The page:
[M]: “There are some [passengers] that I pick up at 8 AM, some I get at 9, some I get at 10. I end up taking the kids at 8:10 or 8:20, and that 9 AM passenger has to be ready, waiting for me. Then I send a message, ‘I’m taking the last kid, wait for me at the door.’ I get him, leave here on the Linha Vermelha, and it’s just a quick jump to the city. 10 minutes past 9 and he is already there. The other too, I have a 9:20, from here in Bonsucesso. Another I get in Benfica, on Rua do Lustre street, and then I come back, go to Cohab, and get the girl and bring her here. 9:40, 9:45 I drop off the Benfica one.”
For the residents of Maré, the mototaxi drivers allow them access to parts of the urban fabric that would be impossible by other means. First, because the access is facilitated by physical proximity, by facial recognition, and by the technological innovations of Whatsapp: just send a message to a specific mototaxi point and someone from there will come to meet you, either from inside or outside the territory. The message can be individualized, in case the passenger requests a specific driver. Second, trajectories are flexible and determined on the go. “Just in time” in business lingo. Sometimes, they’ll pass through spots only passable via motorcycle, such as allies and stairways, both of which are very common in the favelas. Third, schedules run at all hours. Each point usually maintains an overnight work schedule, and it is not rare for some mototaxis to leave directly from their home to pick up recurring clients at some point in the city.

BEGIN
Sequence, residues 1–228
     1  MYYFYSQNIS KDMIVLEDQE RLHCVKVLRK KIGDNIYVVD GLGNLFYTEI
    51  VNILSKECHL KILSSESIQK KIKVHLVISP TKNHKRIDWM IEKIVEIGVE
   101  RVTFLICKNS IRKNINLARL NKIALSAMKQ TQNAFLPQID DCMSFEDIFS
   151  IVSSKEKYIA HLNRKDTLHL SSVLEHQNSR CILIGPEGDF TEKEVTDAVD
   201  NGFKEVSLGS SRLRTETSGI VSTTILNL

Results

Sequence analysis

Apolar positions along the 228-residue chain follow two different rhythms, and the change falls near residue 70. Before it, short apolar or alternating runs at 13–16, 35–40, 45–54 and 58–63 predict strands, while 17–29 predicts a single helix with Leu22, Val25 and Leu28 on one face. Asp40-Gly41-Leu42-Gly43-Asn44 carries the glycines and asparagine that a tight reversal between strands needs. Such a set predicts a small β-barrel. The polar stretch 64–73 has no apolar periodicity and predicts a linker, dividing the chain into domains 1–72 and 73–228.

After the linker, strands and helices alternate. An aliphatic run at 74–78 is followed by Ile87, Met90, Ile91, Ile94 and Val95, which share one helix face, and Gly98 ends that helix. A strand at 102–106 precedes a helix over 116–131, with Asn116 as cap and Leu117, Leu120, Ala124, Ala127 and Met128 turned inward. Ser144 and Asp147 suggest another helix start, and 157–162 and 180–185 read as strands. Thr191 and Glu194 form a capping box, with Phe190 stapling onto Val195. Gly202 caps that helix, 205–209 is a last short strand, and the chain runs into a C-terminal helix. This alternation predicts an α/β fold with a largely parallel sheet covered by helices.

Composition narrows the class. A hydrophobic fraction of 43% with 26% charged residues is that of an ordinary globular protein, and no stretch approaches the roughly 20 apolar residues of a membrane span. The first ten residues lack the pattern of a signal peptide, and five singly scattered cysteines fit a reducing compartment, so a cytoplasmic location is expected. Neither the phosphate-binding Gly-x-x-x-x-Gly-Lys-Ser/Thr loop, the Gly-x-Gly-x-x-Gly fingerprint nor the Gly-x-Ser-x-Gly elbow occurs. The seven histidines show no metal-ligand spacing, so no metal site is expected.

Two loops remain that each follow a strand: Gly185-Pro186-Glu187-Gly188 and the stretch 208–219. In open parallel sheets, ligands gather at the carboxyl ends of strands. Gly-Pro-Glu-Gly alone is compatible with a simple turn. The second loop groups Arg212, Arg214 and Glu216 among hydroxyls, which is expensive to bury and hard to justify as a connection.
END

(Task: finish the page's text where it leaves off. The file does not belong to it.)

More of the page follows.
[M]: “People often message me privately, and I send it to the group. So when I can’t attend to them myself, I get two minutes grace time because the preference is mine, but I’m not always able to take everyone. If I don’t respond in two minutes, it becomes a huge fight. Whoever get there first can take it.”
Mototaxi drivers earn their living from more than just transporting passengers. Their fluidity through the territory makes them key for local businesses. Restaurants, snack bars, bakeries, clothing stores: all commercial points in Maré use their agility and ample knowledge of the favela entrances and exits that mototaxis possess. Mototaxis make deliveries inside and outside the favela, day and night. Contact can be made directly with the trade owner or even directly with the mototaxi driver, in case the client holds a more personal relationship.
[I]: “What favela do you think has the most movement of residents and back and forth between favelas? What favela visits and leaves Maré most often?:
[M]: Jacaré, Manguinhos. All the favelas. It’s like this: some clothing store posts something on facebook and people see it and say ‘the clothes there look nice, I gotta see this,’ and the business explains ‘we work this way and the mototaxi brings them.’ the market broke the barriers. The mototaxi driver does this.”